29 October, 2009

Foot Report

Foot Report published.  The final report of the independent review of British offshore financial centres by former Bank of England official Michael Foot was published today.  You can download the entire report here.

It had been commissioned by the British Government in December 2008.  His mandate required Mr Foot to work co-operatively with the various governments to identify opportunities and challenges generated by turmoil in the financial markets and the subsequent impact on the world economy.  Readers will recall the news item on the visit of Mr Foot to Anguilla in June of this year as reported in the Anguillian Newspaper.  The final report has been awaited with some trepidation in the Overseas Territories financial centres.

In the event, we need not have worried that he would be unreasonable.  I have had a look at the report, and it contains nothing draconian or unexpected.  In fact, it is so reasonable that some European income tax specialists are complaining that it is too wishy-washy.  I suspect that what has these European tax-them-into-submission crew outraged is that Mr Foot is not insisting that the Overseas Territories implement income tax measures or take any mandatory draconian measures.

He takes aim at US tax havens such as Delaware, low British and European compliance with their own standards, and sloppy work by the FATF. 

He does point out that we are going to have to bump up our taxes to meet the drop in government revenue resulting from the economic downturn, if we are not to reduce the public sector services or personnel.  There is nothing new in this recommendation.  However, he leaves it open to us to decide how we are going to achieve the needed increase in revenue.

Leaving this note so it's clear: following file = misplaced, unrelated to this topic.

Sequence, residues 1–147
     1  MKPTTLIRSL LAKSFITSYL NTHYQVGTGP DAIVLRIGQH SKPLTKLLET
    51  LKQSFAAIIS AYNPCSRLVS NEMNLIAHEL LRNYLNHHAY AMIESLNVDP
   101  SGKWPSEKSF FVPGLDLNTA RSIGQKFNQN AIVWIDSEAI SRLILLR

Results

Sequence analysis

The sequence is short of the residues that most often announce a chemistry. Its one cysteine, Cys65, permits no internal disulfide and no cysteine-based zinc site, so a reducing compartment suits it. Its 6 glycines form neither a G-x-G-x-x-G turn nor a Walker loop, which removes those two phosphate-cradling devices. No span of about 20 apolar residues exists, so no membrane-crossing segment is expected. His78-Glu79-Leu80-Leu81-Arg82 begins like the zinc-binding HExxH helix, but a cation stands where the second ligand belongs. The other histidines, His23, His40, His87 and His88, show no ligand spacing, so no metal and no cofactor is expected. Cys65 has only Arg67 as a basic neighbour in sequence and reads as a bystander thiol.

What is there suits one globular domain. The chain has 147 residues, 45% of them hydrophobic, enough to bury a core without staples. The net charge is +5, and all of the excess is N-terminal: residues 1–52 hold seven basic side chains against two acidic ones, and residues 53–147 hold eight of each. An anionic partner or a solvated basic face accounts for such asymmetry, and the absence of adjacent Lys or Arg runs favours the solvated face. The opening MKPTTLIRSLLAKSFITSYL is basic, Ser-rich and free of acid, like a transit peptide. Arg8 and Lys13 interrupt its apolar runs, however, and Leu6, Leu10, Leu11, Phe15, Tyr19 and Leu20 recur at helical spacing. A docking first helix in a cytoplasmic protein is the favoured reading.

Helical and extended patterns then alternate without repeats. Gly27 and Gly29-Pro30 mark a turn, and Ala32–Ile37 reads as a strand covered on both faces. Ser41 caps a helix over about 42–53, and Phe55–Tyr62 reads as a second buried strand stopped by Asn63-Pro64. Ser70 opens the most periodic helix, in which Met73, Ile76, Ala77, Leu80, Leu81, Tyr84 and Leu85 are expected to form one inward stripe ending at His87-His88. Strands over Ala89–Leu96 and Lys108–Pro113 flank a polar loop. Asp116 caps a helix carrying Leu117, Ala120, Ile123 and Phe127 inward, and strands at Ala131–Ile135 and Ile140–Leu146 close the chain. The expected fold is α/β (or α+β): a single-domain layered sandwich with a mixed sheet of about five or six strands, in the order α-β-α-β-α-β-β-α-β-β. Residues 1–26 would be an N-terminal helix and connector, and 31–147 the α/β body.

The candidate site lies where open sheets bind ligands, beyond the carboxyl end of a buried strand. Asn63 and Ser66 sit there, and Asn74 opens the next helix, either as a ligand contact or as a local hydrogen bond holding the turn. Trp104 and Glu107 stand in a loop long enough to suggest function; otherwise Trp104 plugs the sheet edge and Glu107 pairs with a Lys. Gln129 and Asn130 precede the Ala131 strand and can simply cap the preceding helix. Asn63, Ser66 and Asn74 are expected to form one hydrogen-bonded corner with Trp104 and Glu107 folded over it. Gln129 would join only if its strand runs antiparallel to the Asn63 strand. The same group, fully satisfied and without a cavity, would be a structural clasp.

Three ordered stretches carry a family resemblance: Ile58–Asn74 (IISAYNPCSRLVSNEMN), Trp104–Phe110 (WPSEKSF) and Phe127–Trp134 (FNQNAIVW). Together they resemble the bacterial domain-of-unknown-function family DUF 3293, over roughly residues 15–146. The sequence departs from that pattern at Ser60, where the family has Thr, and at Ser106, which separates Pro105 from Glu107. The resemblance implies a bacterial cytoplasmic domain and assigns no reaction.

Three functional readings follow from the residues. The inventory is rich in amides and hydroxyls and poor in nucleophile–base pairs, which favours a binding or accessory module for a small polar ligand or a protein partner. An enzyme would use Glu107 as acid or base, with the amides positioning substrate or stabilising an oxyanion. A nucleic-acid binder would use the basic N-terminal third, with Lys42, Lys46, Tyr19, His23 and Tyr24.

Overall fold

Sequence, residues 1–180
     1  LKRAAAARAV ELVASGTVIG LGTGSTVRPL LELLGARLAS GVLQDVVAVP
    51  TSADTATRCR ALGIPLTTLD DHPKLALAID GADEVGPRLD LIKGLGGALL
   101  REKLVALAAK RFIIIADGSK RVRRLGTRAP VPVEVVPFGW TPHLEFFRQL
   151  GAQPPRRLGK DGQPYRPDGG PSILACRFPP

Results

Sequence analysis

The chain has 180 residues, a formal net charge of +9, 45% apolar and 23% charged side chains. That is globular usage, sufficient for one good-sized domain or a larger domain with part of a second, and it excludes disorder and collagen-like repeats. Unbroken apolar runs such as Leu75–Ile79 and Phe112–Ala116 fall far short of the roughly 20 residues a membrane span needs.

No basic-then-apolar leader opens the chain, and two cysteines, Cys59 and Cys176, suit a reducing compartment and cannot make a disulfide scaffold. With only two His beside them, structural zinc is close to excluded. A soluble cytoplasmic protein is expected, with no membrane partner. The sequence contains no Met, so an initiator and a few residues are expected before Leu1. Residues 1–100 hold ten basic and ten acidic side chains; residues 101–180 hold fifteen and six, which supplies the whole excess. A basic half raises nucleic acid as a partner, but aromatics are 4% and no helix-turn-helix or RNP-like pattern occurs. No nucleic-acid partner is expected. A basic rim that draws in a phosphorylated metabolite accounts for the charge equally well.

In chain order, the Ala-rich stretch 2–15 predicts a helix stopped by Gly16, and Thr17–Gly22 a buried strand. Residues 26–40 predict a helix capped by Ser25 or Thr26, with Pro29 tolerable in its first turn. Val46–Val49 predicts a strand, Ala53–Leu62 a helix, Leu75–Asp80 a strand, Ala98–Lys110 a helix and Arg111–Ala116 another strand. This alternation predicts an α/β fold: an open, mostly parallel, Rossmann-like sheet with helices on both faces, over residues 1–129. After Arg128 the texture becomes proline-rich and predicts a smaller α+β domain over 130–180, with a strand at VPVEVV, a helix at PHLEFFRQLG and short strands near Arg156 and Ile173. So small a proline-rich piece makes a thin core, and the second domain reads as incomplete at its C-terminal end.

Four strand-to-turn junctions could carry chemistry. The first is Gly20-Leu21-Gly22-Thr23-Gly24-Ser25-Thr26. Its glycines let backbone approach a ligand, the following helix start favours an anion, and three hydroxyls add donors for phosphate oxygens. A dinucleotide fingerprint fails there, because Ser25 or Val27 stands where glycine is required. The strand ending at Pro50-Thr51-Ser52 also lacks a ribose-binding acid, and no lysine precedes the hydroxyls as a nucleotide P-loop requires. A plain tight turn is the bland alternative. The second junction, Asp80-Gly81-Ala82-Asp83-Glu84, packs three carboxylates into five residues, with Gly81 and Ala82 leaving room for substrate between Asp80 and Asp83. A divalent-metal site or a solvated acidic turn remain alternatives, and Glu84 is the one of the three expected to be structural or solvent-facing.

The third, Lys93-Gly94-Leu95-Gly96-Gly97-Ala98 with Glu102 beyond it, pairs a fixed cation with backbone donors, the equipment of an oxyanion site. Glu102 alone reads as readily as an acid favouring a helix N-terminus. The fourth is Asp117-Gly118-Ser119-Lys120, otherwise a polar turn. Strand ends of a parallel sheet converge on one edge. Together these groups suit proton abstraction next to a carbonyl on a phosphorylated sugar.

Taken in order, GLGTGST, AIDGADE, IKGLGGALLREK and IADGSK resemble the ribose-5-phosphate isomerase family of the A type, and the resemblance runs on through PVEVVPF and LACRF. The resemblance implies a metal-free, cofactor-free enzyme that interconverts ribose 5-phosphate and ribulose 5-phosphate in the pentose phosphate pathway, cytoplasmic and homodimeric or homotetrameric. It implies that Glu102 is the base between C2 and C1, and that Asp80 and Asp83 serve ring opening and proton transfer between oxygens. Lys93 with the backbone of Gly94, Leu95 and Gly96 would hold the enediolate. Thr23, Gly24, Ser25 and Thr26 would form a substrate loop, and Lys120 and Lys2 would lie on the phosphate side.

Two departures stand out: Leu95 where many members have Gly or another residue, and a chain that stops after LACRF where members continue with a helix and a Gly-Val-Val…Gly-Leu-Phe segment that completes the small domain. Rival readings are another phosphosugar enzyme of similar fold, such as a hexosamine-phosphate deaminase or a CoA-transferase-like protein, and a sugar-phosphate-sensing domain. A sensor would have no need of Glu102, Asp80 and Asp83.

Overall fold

All-in-all, I consider it a fair report.


  1. Seeing as how most of the excess government "revenue" confis-, er, generated, during the recent land boom was used to hire people who would have worked in the private sector in a more rational taxation system (less, shall we say, "shrinkage", incurred by, shall we say, "inefficiencies", in the tax-to-transfer-payment process...), it seems fair that those people should be the first let go, and taxes *reduced* accordingly.

    Of course, that ain't gonna happen.

    Instead, taxes will be *raised*, and the "discretionary" expenditures of ten honest people will be pillaged to maintain "necessary" expenditure on one government employee.

    "No matter who you vote for, the government gets elected", as the old libertarian saw goes.

    It was ever thus.

  2. Much of this1 November editorial in the Cayman Net News on the implications of the Foot Report for Cayman applies to Anguilla as well.


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